Why do songwriters write? Why are songwriters so important? I remember having a talk about this with an old friend, Kjwan‘s Marc Abaya. We were standing on a balcony in Malaysia in 2007 on the eve of what I still think was their greatest show and these were questions he wanted me to answer. In truth, I didn’t have a clue because I don’t feel the same way artists do.
I can’t write a song. I can’t draw or paint. I can’t play an instrument. But something in me understands it when music touches me. There is a scientific explanation for it, I am sure, as to what connects music with emotions but I have no idea what IT is.
I cannot imagine my life without music whether it be the inspiring songs of Gary Valenciano, the anthems of U2, the diversity of The Beatles, the musicality of Led Zeppelin, the depth, breadth, and beauty of Classical music, or the sweeping and tragic melodies of Opera. I love it all.
Music is a soundtrack to so many things. Can you imagine a movie without the music that sets a mood? What would “Gladiator” be like without the moving theme of Hans Zimmer and the haunting humming of Lisa Gerrard? Would “Raiders of the Lost Ark” be as exciting without that John Williams’ score that heralded our hero, Indiana Jones, coming to the rescue? Would every onscreen kiss be as romantic without the dramatic music in the background? Probably not.
As a person who works in music and lives for it, I am constantly motivated to learn more about how these little notes, these 8 octaves, these hundreds of instruments, these countless voices can all be combined and compressed in endless ways into an average of five minutes and through it all have an impact that lasts a lifetime.
So, when through 7101 Music Nation, we convened the 1st Elements National Songwriting Camp in Dumaguete, Negros Oriental in November of 2010, I saw it as an opportunity to experience and explore up close music in the making. With mentors like Ryan Cayabyab, Louie Ocampo, Jay Durias, Top Suzara, Jim Paredes, Noel Cabangon, Joey Ayala, Rico Blanco, Gabby Alipe (Urbandub), Gary Granada, Gary Valenciano, Chito Miranda (Parokya ni Edgar), Ebe Dancel, Yael Yuzon (Sponge Cola), Jungee Marcelo, and Trina Belamide, it was impossible not to learn something. More than the actual crafting of a song, it was the motivation behind it that I was keen to find out.
Did it really matter that the styles of music and genres they represented were as different and diverse as the elements of nature that surrounded us during those five days by the sea and in the mountains?
Talks focused on the creative process, the history of OPM, the writing of lyrics, the business of music, and the role of technology and film. But it all ended with the responsibility and role of a songwriter.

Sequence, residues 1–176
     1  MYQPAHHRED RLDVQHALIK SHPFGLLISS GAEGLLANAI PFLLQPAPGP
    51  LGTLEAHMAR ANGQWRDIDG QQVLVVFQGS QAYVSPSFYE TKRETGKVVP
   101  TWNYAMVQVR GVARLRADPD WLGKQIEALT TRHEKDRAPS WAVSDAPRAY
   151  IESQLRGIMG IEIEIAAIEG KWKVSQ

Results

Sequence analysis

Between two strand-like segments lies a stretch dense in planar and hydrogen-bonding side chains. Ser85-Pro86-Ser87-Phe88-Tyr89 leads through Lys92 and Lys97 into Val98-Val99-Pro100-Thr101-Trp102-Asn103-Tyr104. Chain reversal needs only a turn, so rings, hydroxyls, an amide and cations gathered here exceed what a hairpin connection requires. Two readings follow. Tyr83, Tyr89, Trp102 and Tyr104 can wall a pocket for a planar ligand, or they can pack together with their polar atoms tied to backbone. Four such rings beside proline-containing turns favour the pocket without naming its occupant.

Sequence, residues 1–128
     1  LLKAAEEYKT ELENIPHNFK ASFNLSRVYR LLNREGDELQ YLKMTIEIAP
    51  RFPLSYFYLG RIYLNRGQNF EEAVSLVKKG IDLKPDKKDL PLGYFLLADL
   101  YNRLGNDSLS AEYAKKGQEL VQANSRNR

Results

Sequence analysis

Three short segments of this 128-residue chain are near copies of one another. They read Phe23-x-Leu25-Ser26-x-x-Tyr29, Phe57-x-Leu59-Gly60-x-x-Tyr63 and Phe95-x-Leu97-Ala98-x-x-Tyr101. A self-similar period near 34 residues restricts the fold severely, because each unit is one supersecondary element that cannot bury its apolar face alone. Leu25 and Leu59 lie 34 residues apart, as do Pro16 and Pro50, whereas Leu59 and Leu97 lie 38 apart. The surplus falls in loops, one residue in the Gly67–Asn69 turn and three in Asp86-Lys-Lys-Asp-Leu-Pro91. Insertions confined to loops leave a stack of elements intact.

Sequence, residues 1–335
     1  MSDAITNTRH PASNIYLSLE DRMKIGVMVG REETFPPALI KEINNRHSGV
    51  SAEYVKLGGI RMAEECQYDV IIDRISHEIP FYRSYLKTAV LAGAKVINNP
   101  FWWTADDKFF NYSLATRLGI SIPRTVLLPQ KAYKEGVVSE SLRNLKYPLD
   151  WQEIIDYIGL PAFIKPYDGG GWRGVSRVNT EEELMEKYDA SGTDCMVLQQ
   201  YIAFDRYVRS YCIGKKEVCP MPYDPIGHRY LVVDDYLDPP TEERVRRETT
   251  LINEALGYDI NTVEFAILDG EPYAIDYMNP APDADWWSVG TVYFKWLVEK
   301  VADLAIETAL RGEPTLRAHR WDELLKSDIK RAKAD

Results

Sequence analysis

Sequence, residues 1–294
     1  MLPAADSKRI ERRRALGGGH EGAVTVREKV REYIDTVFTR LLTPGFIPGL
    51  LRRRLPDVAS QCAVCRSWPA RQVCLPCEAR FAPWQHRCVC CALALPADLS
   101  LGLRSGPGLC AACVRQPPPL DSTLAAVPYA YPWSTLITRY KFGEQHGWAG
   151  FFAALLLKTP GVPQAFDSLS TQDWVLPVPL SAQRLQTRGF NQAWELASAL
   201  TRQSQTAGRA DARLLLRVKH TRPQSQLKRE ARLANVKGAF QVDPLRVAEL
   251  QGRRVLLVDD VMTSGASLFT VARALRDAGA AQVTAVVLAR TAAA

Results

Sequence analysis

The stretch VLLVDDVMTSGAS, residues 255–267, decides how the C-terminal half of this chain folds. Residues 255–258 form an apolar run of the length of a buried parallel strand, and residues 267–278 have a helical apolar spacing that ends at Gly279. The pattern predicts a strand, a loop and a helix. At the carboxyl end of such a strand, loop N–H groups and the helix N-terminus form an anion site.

In his closing talk, Gary Valenciano gave his insight into that. Here is an excerpt of that:
Director Quark Henares must have mulled over the same question as Marc did for the documentary he came up with also dealt with the same topic.
So many statements can be made through songs whether they be to reflect a individual’s state of mind or heart, a group’s set of beliefs, or at certain times, even a nation’s sentiment. Songs can entertain or enlighten, inspire or challenge, affirm and confirm, or simply, state a fact. That songs are able to capture moments in time is a gift to all who hear it.
Maybe I will never understand why songwriters’ minds and hearts think and feel the way they do. Maybe I will never understand why they get ME even though we may be centuries and worlds apart. For time and location have no bearing when the music at hand touches one’s soul.
Maybe their gift is that they are able to see and peel off the cumbersome layers of life and see or feel more of our humanity. Maybe they are simply more attuned. Their ability to create something that connects us all (for we all do not know each other) in a styling of sounds and even without words that we are all able to understand – THIS is what I think makes them so special.
So why do songwriters write songs? Why are they important? Maybe it’s because they simply are our voice in a language that others more than ourselves can understand. And maybe our role is to be their ears so that we can understand ourselves and each other better.
So to answer my friend Marc, I do not really know. But let’s just sit back and listen.